user's personal data in order to build a comprehensive profile file that will be used
by the process which is described below.
Generally speaking the Profile
file 12 may take different forms, but can
advantageously conform with the well known XML
structure proposed by the World
Wide Web Consortium (W3C) and which is associated, as known by the skilled
man, to a second file: a Document Type Definition (DTD) file. The DTD file defines
the rules for how the elements, attributes, and other data in an XML-encoded profile
are defined and logically related. For the sake of illustration, a simple example of a
file is shown below:
As shown in the example above, the Profile.xml comprises data which is
personal to the user (fields <name>, <email>, <address>, etc...) and more
impersonal data which is representative of his topics of interests (field <interest>, his
range of revenue (field <income>), but also data representative of his computer
The xml format is mentioned only by way of example and it will be understood
that any other format or data structure may be used for embodying the HTML page
In one particular embodiment, Agent module 11 manages different sets of
profiles, such as, for instance, a profession_prof.xml file, a personal_prof.xml file,
sports_club_prof.xml file, etc... which will allow, as described below, different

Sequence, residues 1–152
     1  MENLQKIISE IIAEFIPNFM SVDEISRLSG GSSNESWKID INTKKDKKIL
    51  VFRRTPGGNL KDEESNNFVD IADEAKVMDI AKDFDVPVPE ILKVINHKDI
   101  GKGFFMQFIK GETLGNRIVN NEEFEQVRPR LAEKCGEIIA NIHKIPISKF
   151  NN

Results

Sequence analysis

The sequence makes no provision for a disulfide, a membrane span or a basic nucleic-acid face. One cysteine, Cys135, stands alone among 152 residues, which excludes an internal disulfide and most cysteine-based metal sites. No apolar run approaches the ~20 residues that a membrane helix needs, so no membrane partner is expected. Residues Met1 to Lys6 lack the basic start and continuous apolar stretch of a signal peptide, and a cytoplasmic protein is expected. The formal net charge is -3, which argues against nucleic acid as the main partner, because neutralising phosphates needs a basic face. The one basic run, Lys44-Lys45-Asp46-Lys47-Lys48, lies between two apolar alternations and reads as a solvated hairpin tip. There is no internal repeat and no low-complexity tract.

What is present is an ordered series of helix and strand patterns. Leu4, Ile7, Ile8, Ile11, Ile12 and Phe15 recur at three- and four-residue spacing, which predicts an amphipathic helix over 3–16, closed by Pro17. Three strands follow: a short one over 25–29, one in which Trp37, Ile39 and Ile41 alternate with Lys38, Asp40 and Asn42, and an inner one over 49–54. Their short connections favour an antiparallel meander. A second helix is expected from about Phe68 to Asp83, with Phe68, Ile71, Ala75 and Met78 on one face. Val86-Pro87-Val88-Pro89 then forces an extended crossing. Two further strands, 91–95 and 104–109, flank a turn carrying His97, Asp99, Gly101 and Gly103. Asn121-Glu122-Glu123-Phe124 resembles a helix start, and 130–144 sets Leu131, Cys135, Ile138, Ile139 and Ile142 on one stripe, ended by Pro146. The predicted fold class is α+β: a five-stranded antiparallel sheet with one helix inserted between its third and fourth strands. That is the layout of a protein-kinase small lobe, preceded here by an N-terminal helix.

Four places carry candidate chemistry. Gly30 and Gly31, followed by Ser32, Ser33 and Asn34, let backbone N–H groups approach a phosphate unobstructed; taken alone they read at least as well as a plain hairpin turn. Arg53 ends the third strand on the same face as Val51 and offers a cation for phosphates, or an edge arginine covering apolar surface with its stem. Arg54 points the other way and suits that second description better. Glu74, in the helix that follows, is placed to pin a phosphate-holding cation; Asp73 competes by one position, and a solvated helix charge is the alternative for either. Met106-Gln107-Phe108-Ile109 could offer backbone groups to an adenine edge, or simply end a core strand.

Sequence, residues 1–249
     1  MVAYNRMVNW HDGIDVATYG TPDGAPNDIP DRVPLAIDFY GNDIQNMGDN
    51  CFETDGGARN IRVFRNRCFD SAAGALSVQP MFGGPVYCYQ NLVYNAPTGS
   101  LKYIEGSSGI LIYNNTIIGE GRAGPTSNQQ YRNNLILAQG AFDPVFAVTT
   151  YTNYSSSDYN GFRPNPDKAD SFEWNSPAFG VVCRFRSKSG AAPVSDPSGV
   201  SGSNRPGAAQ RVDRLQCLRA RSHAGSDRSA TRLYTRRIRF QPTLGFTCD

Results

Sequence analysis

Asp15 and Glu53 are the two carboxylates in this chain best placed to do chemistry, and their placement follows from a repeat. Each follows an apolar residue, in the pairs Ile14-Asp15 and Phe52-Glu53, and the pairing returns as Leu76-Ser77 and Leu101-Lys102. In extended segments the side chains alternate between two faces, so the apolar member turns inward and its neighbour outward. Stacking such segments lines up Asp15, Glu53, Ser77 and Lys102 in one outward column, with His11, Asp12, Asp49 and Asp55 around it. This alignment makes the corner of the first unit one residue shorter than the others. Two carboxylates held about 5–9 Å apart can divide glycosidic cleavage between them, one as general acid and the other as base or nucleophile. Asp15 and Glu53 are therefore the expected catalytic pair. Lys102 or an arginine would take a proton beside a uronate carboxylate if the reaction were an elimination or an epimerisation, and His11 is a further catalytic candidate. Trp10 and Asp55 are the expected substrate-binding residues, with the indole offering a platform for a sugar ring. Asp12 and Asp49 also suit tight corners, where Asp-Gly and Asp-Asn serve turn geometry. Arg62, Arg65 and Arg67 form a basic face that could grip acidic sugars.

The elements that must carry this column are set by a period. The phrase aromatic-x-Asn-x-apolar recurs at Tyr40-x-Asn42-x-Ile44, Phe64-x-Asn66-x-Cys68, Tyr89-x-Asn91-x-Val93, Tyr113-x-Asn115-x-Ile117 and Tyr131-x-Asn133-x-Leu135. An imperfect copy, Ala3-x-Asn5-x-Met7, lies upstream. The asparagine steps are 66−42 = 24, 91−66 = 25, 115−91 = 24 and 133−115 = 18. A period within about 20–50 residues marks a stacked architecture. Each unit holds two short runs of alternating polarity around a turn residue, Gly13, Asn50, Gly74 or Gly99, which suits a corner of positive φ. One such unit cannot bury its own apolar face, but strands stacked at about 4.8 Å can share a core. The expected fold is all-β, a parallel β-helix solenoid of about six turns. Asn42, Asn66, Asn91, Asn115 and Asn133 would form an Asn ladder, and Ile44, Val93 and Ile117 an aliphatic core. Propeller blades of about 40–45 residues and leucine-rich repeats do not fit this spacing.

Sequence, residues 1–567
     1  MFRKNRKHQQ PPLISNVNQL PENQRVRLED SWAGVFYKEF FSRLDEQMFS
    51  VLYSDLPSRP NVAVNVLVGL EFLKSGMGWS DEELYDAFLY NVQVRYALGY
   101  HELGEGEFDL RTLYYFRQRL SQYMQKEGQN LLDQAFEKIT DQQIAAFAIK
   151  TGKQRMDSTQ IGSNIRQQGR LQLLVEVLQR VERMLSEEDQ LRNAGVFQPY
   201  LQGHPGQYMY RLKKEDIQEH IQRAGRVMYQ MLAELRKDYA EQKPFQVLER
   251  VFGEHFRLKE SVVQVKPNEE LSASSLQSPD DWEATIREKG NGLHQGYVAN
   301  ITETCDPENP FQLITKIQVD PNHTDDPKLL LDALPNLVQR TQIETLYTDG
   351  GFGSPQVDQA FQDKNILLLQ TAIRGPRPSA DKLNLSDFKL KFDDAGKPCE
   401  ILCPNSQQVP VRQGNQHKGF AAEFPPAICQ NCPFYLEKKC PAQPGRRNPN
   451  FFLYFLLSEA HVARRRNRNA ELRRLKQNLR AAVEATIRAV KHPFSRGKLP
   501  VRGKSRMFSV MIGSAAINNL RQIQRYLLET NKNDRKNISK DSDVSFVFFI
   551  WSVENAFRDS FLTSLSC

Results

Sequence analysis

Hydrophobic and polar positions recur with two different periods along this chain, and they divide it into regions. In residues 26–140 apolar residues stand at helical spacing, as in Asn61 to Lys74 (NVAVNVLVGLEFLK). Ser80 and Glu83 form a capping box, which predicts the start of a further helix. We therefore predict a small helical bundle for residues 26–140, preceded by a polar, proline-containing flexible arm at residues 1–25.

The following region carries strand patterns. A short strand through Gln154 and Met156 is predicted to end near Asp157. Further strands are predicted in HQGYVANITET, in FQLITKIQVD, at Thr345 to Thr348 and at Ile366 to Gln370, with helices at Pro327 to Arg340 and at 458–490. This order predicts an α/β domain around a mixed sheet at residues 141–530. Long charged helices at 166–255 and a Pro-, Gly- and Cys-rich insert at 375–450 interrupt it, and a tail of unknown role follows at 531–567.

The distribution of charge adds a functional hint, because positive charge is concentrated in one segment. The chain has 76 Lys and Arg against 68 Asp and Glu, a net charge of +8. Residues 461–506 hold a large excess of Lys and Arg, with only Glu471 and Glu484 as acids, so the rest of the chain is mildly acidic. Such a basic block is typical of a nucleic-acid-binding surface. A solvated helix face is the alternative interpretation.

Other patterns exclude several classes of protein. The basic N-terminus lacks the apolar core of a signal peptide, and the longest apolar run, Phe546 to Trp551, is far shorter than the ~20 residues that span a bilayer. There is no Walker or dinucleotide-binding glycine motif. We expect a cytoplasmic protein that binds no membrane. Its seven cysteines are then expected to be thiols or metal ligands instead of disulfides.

personalized access to the Internet network for the particular owner of the computer.
Further, by using different profiles, the same computer may serve different users, for
instance members of the same family. Each of those files may share the same
structure, as illustrated above.
The Profile.xml file(s) 12 is/are used in association with a technical process
which is executed by Agent 11, and shown in figure 2, for the purpose of
downloading, e.g. at regular intervals, specific files - hereinafter referred to
Generic_Offers.xml files - which are provided by a service provider. The service
provider may be, for instance, a product manufacturer who wishes to provide
personalized offers to his clients depending on the type of machine being used by
that client (loaded in the impersonal data field of the profile file), but also in
accordance with the personal data loaded in the profile file. However, in another
embodiment, the service provider may also act as a publisher for different product
manufacturers or service providers and may aggregate the different offers that are
submitted by the latter. It should be noted that while the invention provides a new
and effective arrangement for facilitating and personalizing the access to the
different service providers without requiring the development of any centralized
database, the particular nature of the service being provided does not fall within the
scope of this invention.
An illustrative example of the structure of such a Generic_Offers
All the different fields are indicated with the known "<" and "/>" anchors.
More particularly, the Author and Copyright field may respectively indicate the
author responsible for the list of services, and the owner of the copyrights on the
elements. The url_details field indicates the precise internet location of the remote